Prosecco Sunrise


Prosecco Road Part II: Talking lifestyle and Prosecconomics with Bisol

On a balmy fall morning in the main square of Valdobbiadene (pop. 11,000), Gianluca Bisol swirls a large wineglass with a few mouthfuls of what has become Americans' preferred sparkling wine.

"It is not impossible to drink Prosecco with breakfast," says Bisol, 49, elegant with his Clark Gable mustache and jacket pocket square.

"Especially Cartizze," Bisol enthuses about Valdobbiadene's most revered steep hillside terroir. "Cartizze is creamy. In the morning, you want something delicate."

Almost three decades after joining his family's near century-old Desiderio Bisol & Figli winery, in the heart of the Prosecco Conegliano Valdobbiadene Superiore zone, Bisol is a Prosecco leader—both at its high end and in the mass market. In those years, Prosecco has boomed from a footnote in Italy to the leading sparkling export in the world by volume.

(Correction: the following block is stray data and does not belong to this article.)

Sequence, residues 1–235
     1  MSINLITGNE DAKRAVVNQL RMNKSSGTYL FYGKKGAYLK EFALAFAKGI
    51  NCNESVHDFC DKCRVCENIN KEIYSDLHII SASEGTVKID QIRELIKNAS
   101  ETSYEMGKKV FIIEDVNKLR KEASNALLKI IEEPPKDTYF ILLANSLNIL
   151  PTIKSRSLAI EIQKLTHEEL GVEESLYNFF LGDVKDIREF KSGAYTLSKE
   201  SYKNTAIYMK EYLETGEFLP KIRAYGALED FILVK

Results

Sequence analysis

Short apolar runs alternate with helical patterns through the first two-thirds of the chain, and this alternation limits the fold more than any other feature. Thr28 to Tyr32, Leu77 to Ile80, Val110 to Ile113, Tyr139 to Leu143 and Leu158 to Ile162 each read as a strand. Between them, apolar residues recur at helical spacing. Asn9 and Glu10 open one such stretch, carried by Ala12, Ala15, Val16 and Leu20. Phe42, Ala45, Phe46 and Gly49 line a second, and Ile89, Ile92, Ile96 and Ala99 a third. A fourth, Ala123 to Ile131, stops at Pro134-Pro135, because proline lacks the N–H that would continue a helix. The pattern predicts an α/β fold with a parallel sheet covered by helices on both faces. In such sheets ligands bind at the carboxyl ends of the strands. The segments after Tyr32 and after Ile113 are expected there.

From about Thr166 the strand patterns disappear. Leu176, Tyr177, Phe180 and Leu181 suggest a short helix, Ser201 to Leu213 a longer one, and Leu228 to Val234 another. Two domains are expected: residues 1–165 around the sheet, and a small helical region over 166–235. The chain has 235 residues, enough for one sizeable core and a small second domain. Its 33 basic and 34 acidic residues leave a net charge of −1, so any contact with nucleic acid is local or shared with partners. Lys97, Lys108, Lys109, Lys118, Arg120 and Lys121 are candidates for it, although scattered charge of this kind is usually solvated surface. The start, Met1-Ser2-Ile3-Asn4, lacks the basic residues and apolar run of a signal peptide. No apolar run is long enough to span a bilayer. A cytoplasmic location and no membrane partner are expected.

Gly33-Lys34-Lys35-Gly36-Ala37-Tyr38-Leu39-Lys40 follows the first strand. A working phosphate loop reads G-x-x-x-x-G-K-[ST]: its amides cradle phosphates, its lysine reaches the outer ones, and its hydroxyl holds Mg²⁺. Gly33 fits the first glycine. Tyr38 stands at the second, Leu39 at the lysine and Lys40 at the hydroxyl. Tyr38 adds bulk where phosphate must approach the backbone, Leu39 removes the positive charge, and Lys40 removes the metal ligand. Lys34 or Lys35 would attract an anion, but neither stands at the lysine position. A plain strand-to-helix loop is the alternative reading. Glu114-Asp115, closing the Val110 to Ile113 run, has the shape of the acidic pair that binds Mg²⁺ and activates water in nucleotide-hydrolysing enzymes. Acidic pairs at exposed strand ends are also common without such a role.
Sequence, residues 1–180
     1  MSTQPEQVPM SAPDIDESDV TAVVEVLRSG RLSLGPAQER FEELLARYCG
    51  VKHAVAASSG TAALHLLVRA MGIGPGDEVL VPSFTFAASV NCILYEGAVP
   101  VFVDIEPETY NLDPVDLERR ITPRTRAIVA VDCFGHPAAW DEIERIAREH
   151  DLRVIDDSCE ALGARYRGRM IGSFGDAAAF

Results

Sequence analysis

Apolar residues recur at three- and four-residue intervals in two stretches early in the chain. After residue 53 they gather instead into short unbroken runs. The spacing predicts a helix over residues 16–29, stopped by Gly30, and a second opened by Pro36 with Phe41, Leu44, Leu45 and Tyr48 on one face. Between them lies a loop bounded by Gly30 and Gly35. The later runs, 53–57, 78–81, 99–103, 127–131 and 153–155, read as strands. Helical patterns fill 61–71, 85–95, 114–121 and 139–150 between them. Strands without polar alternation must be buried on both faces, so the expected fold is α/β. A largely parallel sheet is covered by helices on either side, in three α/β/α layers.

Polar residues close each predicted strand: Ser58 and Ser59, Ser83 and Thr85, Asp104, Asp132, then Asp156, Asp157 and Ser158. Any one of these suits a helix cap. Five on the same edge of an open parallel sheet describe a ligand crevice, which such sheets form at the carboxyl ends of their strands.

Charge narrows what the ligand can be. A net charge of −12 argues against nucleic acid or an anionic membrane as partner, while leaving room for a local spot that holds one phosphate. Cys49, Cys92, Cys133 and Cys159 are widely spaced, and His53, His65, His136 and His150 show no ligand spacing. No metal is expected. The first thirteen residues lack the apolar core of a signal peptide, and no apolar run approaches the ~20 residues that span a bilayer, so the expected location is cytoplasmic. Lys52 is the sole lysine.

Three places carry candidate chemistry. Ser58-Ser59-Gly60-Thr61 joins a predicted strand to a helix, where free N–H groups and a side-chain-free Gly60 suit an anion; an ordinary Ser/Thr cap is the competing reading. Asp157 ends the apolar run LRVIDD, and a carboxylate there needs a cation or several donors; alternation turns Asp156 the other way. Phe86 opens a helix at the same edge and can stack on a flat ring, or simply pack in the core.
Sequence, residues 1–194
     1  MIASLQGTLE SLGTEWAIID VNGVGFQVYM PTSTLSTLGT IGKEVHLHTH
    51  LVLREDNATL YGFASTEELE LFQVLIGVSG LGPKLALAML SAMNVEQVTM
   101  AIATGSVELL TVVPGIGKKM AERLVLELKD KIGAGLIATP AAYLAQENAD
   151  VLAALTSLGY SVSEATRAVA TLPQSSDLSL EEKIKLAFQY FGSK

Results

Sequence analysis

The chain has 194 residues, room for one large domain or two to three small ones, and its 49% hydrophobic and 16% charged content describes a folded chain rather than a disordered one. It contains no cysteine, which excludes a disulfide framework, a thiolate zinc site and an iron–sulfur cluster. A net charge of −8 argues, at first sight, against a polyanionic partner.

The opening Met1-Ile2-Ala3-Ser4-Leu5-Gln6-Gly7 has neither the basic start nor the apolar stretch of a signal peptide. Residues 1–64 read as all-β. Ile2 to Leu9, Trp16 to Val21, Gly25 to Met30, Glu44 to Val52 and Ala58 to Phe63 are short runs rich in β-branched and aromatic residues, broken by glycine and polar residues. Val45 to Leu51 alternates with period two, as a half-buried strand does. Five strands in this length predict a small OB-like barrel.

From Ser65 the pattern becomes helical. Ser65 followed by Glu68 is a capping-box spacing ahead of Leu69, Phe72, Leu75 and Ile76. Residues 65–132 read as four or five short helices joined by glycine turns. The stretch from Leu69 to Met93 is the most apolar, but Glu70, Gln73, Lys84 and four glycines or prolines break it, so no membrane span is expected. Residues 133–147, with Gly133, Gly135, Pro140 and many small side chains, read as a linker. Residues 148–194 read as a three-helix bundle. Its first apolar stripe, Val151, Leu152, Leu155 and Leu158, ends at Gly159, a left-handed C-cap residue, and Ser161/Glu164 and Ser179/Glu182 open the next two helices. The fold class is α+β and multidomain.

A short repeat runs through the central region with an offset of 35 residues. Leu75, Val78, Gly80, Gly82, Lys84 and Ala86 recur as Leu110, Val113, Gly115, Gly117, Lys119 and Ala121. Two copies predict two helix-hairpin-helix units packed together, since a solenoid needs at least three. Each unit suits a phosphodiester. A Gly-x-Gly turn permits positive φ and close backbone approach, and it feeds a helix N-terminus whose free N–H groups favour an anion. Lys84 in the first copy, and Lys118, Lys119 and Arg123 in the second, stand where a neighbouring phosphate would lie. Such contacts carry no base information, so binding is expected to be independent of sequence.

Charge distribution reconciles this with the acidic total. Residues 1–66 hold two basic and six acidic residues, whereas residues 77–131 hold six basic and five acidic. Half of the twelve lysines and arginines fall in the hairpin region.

"Obviously it's easier to sell Prosecco because it's not as expensive as Champagne and it's easier to drink," says Bisol, the winery's president. "In the time you drink one glass of Champagne, you can drink three glasses of Prosecco."

It is barely 10 o'clock, and I join Bisol in a post-cappuccino glass at a local bar. The slight sweetness of the Cartizze Prosecco—most of which are off-dry, indicated on the label as "extra dry" or "dry"—lends itself well to the morning... Read the full blog at